But it is precisely in his lifework, World Law, that Tanaka presents us with questions that go to the heart of what he attempted to do. In his greatest success we can see the greatest possibilities for failure. Take, for example, the Sunakawa Case, a famous 1950s Supreme Court case in Japan in which the legality of Article 9 of the Japanese Constitution (forbidding the maintenance of land and sea forces) was challenged by local peace activists. The plaintiffs contended that the presence of American military bases in Japan contravened Article 9 and was therefore unconstitutional. The Supreme Court, perhaps borrowing a page from the John Marshall playbook, said that because the bases belonged to another country the constitution of Japan did not apply. Perhaps, but this hardly answers the bigger question: if globalism is to be put into practice, how, exactly, will it work?
Doak allows in the closing chapter of the book that the geopolitical realities with which Japan is faced today may have persuaded Tanaka to rethink his support of the Japanese Constitution. Indeed, since Article 9 hamstrings Japan’s ability even to defend against nearby nightmare states like North Korea and the People’s Republic of China, there would be something perverse, Tanaka would surely say, about adhering to a dream of peace while laying hundreds of millions open to foreign invasion. Could even a globalism as principled as that advocated by Tanaka in his World Law tame Beijing and the DPRK? This remains very much in doubt. China, for example, continues to ignore a 2016 Permanent Court of Arbitration ruling against it in favor of the Philippines, whose islands and territorial waters China has invaded and outright stolen. If rogue states may flout justice to the degree that power, or even just contrariness, allows, then what are the implications for World Law? How does the natural law counter a Hobbesian state of nature? In short, what are the limits of globalism? If globalist Japan must stand up to chauvinist China, then it will be a country—the United States—and not the world community that decides the fate of the contest.
But the Americans are not as heroically anti-globalist as might first appear. True, they have a remit to defend the left flank of their empire by making a stand along the Sea of Japan, but the price of American dominance in East Asia has been steep. One example of the hidden cost of the Pax Americana figures prominently in Doak’s book: abortion. The story is entirely unknown in the West today, but the American Occupation, and in particular the Freemason surgeon general of the Occupation, Crawford Sams, pushed Japan to pass one of the most permissive abortion laws on earth at the time, the chillingly named Eugenics Protection Law. Abortion was still illegal in the United States at the time, but the deeply globalist-minded Occupation authorities wanted to make Japan the vanguard for eugenicist “science” and they had little time for natural law objections to their positivist, pragmatic schemes. In this they were hardly alone. Margaret Sanger, for example, was enormously popular in Japan, and long advocated for the kind of eugenics engineering that Sams and the Occupation forces rammed through the Japanese Diet in 1948. Tanaka, as a Catholic, of course strenuously objected to this outrage against innocent human life. But here the question of suasion versus force comes back into view. Tanaka and other Catholics (along with Protestants, Buddhists, and many others) were appalled by the Eugenics Protection Law. But what could they do?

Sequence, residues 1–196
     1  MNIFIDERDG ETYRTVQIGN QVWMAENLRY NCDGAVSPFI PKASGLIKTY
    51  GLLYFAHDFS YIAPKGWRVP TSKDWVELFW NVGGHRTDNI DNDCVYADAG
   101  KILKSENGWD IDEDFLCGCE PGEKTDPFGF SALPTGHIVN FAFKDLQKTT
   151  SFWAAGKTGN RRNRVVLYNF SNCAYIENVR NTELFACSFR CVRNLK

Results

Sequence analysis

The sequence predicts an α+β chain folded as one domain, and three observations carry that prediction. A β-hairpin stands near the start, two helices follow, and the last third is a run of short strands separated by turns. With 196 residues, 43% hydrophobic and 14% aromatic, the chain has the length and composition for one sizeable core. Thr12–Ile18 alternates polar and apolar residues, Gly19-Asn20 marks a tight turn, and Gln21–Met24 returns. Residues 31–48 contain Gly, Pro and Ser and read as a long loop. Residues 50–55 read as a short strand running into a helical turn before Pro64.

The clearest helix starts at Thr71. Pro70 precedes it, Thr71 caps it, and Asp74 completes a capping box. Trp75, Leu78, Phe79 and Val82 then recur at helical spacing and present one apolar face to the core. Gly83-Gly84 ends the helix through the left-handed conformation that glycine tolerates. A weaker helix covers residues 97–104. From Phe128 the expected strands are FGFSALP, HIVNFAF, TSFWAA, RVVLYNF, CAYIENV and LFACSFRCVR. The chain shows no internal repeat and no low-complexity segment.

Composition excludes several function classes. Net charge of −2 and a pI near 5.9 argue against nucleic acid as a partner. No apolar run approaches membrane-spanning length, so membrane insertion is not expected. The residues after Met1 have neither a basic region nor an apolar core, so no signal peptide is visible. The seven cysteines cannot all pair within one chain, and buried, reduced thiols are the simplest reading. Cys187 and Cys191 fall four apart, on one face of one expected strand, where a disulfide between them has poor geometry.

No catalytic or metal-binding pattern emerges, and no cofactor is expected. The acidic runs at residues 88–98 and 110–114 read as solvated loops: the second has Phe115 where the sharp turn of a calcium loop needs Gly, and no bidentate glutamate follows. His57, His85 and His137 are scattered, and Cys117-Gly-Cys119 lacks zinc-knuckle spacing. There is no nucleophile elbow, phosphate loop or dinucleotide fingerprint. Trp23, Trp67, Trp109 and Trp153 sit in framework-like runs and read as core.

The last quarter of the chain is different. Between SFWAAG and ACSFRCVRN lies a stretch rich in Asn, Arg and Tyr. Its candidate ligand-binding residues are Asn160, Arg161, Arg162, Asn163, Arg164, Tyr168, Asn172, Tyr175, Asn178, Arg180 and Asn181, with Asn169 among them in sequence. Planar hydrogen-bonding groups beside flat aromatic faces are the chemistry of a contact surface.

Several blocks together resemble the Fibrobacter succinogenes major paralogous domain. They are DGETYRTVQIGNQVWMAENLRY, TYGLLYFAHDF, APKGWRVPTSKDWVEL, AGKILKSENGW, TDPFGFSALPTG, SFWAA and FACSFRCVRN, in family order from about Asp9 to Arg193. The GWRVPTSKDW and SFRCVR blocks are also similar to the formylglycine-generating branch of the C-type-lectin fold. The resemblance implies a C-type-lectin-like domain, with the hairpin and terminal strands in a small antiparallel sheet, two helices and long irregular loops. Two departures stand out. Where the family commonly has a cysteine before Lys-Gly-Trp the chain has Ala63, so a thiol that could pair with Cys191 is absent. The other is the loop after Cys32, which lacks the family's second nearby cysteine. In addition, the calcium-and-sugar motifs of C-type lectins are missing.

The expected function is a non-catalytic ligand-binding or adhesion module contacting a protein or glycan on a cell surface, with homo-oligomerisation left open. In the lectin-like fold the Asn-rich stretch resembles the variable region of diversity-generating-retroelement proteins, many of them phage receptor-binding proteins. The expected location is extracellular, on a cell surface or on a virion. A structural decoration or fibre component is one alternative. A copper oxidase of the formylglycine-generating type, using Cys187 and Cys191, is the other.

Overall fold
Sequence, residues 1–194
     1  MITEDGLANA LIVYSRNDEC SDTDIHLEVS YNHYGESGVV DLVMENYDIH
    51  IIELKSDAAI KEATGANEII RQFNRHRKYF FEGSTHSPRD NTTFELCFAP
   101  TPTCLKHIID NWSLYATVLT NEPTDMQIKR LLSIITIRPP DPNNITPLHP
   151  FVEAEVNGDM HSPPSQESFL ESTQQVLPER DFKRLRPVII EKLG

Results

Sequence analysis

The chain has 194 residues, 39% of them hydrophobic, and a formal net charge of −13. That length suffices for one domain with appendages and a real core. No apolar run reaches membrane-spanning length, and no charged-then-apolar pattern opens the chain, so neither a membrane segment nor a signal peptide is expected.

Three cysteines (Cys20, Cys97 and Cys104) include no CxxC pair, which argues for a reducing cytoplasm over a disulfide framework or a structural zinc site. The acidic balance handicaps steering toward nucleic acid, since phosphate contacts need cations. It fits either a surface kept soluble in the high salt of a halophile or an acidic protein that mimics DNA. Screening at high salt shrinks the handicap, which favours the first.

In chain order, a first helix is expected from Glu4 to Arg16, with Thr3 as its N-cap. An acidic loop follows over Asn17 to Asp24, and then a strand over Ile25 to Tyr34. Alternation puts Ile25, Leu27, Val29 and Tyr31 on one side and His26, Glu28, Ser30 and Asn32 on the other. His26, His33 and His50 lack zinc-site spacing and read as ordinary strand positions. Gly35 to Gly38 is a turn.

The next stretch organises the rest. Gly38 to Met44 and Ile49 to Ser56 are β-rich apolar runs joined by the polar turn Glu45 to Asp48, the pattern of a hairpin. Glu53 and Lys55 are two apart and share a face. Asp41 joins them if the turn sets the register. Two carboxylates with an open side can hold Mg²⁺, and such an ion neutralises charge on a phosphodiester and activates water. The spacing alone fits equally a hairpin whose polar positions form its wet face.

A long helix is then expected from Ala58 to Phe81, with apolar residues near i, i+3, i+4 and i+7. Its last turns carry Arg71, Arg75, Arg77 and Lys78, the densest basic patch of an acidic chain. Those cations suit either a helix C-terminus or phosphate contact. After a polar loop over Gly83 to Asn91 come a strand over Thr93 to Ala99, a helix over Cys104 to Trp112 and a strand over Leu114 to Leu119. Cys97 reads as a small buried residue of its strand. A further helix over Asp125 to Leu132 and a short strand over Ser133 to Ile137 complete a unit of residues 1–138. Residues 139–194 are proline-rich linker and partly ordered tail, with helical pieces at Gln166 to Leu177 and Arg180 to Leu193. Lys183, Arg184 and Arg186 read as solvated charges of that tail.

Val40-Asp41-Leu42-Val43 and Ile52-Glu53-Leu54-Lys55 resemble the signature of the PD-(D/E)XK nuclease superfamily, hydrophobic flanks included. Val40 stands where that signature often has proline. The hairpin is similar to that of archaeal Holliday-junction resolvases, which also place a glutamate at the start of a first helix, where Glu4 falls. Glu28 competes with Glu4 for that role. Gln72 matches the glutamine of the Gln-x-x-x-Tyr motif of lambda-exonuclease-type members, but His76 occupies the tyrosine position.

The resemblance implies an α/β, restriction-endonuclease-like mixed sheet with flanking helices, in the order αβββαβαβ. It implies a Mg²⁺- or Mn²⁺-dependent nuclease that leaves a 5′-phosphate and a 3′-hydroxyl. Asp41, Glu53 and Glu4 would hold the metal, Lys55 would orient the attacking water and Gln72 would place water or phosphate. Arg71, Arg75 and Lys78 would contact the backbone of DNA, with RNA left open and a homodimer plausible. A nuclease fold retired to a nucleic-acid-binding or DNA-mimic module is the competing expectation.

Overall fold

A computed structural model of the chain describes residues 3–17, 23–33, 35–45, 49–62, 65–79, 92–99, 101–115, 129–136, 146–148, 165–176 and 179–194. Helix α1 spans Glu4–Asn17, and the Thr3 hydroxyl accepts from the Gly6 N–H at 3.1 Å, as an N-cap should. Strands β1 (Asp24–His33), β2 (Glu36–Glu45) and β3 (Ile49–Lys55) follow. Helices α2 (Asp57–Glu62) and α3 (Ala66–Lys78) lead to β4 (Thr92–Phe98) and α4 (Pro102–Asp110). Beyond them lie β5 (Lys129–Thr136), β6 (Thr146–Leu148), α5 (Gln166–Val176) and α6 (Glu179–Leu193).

One of Tanaka’s early literary models, German memoirist Wilhelm Georg A. von Kügelgen (1802–1867), wrote in his autobiography about first being made aware of the existence of a world beyond his hometown when Napoleon rode through his village. The Napoleonic Code that was forcibly implanted on much of Europe and North America by France’s imperial conquests was in many ways a rejection of the organic, traditional, natural law laws that Tanaka rightly celebrated and championed. Time after time, the world has witnessed anti–natural law forces running roughshod over the jurisprudential treasures of premodern societies. Japan was no different. And so the dilemma remains the same. For World Law to work, it would seem to require a Napoleon of its own—precisely the sort of Hegelian figure that the natural law abhors.
Tanaka foresaw this difficulty, and argued that “for World Law to exist there must also exist a world society, or ‘world community’.” But, as Doak points out, “this is where his argument seems to falter.” Tanaka’s world was divided into Soviet and American camps, and his World Law was a kind of judicial non-aligned movement, a refusal to be drawn into the ideological binary in order to preserve the depths of discernment required of natural lawyers everywhere. Now that that contest of East and West is over, a new globalism of consumerism, Keynesianism, “surveillance capitalism,” and institutional exploitation is ascendant. For all of globalists’ talk about a “global village,” Marshall McLuhan’s dream is nowhere in sight.
Tanaka Kōtarō might say that the Catholic Church should foster such a community. But with even the current pope seemingly on the side of the secularist globalists, Tanaka’s vision of World Law—of peace and harmony through the natural law rooted in living human society—seems more distant now than ever.
Jason Morgan is associate professor at Reitaku University in Chiba, Japan. His book on Japanese legal scholar Suehiro Izutaro is forthcoming this year.